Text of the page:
Guide to Buying New Construction Houses

A brand new construction house that is going to be sold.

In a previous post, we discussed the differences and characteristics of new homes compared to pre-built homes. If you love the idea of owning a brand new property and wondering how to get started, read on below.

Step By Step Process to Owning a New Build

Step 1: Decide Which Type of New Construction

There are a few different types of new builds to choose from, with the biggest deciding factor being your desired level of customization. Let’s go over the different types now.

Spec Homes

A spec home is built the way the builder wants, and gives very little input to the buyer. The good thing about these are that you know exactly what you are buying so you don’t have to imagine the finished product or hope it looks as good as you want. They are also more readily available than customized homes. On the flip side, they are often built with cheaper materials and the lack of customization may deter many.

Tract Homes

When a builder or developer purchases a large tract of land and erects multiple houses or a subdivision, the houses are known as tract homes. Tract homes are often referred to as “cookie cutter” because they often look very similar and share floorplans. There is not much customization involved in these, but buyers can benefit from lower prices due to developers getting bulk pricing on materials and the land.

Semi-Custom Homes

This option is middle ground in terms of customization. These homes are often partially done at time of purchase, and from that point forward, you may have options on some of the elements in the home, such as countertops, fixtures, carpet colors, or cabinet finishes. This is a great middle ground to the two as you are not as pressed for every detail about the property, but you do get to add your own personal touches to the home prior to it being finished.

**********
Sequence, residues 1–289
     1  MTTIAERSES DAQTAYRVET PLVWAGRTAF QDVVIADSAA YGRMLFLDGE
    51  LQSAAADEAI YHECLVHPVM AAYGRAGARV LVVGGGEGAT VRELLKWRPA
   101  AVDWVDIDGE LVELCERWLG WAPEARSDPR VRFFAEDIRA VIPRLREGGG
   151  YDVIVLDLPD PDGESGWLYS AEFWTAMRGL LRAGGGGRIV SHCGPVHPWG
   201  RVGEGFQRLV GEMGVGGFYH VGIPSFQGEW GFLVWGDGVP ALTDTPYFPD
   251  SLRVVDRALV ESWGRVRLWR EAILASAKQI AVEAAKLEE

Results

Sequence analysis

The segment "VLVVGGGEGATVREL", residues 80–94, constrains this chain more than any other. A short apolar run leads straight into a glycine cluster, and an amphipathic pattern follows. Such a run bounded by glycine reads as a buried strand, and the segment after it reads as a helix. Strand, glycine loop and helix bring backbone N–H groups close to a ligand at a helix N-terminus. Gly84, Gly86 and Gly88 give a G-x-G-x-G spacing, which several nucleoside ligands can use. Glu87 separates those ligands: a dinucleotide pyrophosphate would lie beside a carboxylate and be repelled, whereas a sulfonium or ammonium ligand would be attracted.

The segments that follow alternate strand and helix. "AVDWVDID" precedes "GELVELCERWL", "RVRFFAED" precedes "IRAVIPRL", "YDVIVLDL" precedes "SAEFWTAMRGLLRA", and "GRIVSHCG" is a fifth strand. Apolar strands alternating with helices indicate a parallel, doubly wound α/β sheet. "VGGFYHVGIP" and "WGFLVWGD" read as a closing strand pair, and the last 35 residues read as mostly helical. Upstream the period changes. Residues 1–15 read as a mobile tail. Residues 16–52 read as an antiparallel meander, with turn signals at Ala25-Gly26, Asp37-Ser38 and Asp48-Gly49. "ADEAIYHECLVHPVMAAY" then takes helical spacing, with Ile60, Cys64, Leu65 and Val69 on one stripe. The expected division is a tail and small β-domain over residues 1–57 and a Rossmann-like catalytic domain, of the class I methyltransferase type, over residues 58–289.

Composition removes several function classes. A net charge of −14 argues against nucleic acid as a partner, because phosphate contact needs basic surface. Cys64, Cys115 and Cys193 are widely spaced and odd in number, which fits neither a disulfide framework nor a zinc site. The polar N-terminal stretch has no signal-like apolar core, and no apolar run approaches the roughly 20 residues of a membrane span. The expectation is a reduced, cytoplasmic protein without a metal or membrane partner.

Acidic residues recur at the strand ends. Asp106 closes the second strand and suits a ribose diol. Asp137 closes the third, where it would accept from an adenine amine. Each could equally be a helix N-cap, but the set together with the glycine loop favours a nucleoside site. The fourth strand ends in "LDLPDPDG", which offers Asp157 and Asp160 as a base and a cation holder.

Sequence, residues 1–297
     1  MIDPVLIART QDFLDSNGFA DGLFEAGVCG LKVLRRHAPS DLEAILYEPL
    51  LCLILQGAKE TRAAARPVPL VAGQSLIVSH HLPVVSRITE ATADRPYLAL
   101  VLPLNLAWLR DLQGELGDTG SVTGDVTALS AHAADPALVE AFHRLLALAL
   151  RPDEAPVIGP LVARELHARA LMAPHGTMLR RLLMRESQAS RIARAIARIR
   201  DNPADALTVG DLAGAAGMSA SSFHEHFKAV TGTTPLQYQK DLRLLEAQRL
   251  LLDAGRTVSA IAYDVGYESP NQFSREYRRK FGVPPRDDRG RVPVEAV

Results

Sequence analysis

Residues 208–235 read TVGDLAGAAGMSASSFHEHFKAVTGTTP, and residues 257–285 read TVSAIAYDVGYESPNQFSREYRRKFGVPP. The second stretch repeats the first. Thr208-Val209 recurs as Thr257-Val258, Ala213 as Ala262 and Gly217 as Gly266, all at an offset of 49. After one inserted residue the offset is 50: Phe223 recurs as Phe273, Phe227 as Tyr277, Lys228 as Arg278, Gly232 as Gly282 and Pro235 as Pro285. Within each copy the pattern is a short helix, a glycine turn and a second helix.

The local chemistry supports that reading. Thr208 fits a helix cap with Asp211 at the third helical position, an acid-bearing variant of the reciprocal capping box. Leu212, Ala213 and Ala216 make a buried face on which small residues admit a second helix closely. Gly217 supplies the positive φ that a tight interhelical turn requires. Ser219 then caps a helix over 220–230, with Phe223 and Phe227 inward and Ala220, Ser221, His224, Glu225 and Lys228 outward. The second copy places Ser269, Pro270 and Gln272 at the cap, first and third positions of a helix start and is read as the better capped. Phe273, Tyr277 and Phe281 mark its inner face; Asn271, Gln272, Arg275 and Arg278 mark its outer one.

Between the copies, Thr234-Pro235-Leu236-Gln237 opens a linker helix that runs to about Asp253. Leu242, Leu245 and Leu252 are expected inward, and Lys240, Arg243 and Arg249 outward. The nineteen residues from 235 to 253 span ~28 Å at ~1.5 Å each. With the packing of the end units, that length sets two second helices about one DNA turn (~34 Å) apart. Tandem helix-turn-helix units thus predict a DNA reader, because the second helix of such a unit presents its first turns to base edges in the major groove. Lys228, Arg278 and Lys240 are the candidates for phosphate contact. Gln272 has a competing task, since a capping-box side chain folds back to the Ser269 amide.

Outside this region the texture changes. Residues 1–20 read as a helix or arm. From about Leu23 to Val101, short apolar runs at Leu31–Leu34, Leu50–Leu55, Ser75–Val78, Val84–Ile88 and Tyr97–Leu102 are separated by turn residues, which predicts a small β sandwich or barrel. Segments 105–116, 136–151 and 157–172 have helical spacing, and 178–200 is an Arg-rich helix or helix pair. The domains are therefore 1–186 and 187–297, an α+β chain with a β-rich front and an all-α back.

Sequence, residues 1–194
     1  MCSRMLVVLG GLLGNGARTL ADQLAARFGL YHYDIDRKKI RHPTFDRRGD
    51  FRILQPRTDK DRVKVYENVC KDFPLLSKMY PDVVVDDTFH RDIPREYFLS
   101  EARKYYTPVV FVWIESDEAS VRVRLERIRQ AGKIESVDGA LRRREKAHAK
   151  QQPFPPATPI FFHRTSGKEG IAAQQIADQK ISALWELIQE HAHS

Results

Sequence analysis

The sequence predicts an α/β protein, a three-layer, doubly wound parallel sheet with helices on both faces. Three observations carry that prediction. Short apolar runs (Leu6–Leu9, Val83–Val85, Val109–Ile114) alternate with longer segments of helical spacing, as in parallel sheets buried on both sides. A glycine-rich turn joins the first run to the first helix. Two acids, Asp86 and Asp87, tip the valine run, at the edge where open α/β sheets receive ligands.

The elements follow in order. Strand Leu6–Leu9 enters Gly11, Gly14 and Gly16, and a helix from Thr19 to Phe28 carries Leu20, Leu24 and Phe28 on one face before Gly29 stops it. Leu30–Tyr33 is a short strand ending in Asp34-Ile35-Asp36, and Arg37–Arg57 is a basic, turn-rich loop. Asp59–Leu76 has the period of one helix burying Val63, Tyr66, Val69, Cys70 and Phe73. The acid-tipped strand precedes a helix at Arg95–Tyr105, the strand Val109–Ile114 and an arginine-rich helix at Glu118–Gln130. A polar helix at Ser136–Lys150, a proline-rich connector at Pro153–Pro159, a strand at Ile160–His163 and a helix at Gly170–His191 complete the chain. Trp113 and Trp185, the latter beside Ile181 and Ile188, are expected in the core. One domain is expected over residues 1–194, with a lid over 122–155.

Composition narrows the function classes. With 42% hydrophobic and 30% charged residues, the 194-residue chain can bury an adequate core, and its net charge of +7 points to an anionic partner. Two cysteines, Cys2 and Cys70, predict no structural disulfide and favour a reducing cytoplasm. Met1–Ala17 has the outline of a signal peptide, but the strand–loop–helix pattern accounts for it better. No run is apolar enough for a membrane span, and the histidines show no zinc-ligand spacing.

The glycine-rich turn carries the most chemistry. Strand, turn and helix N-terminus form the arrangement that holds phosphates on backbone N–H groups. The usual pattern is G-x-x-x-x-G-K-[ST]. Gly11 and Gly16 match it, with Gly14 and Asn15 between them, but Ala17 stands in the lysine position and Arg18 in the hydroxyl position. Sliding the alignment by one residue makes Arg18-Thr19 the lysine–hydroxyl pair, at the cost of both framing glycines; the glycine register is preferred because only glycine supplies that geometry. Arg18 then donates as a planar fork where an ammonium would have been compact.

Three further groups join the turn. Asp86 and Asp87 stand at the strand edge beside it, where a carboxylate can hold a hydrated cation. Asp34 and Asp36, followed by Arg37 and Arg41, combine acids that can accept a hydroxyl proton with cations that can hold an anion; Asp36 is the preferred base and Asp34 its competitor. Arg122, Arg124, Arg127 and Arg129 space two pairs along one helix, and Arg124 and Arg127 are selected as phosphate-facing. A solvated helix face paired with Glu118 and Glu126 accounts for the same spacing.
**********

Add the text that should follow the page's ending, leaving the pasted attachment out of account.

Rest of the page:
Custom Built

A custom built home is built specifically for the buyer. This option is best for those who want as much control over the process as possible and are detail oriented. While it is a great way to have a truly unique home, there are also some cons. Aside from price, there will be lots and lots of decision making, and some that are very time sensitive.

Step 2: Find a Buyers Agent

Buyers agents are not always required on new construction sales, but it is strongly advised that you work with one. Not only will they help you navigate the transaction, they will also work with your best interests in mind.

If you opt out of working with a buyers agent, you will likely be assisted by the sellers agent, meaning they will be working with the sellers best interests in mind. If you want someone to fight for you in the deal to get the best outcome possible, an experienced buyers agent is your best bet.

In addition, a buyers agent commission is typically paid from the proceeds of the seller at closing, meaning you are getting free representation.

Step 3: Neighborhood Research

Consider the locations and how convenient they will be for you and your family when considering land to place your new custom build on, or a neighborhood to purchase a tract home from.

Some important factors that many take into consideration before buying a home are:

Commute time to work and family

School District

Local Amenities (parks, trails, gyms)

Tax districts

Nearby Entertainment (restaurants, shopping, theaters)

When selecting where to place you and your family for the next several years, it’s important to do thorough research- and ask your agent for advise on the neighborhoods!

Step 4: Find a lender

Unless you are using cash to purchase the property, you will need a loan for the purchase. If the home was just completed, there are several loans you could choose from in most instances. If the home is still being built or not yet began, then you will likely be looking into getting a home construction loan.

Unlike a typical loan where the bank provides all of the money upon closing on the property, with home construction loans the lender will pay out the loan in increments called “draws” as the construction progresses. Once construction is complete, the loan will be transferred to a regular loan or a separate loan might be required.

While most lenders do have versions of a construction loan that will work, not all do. It is important to work with a lender who is experienced in new construction sales, as they will have more knowledge and advice throughout the process and will help you obtain the best financing available. The builder may have a list of preferred lenders, or you can ask your buyers agent for suggestions.

Step 5: Research Builders

When you are ready to have your custom home built, or view what is available in a brand new subdivision, it is important to know the reputation of the builder.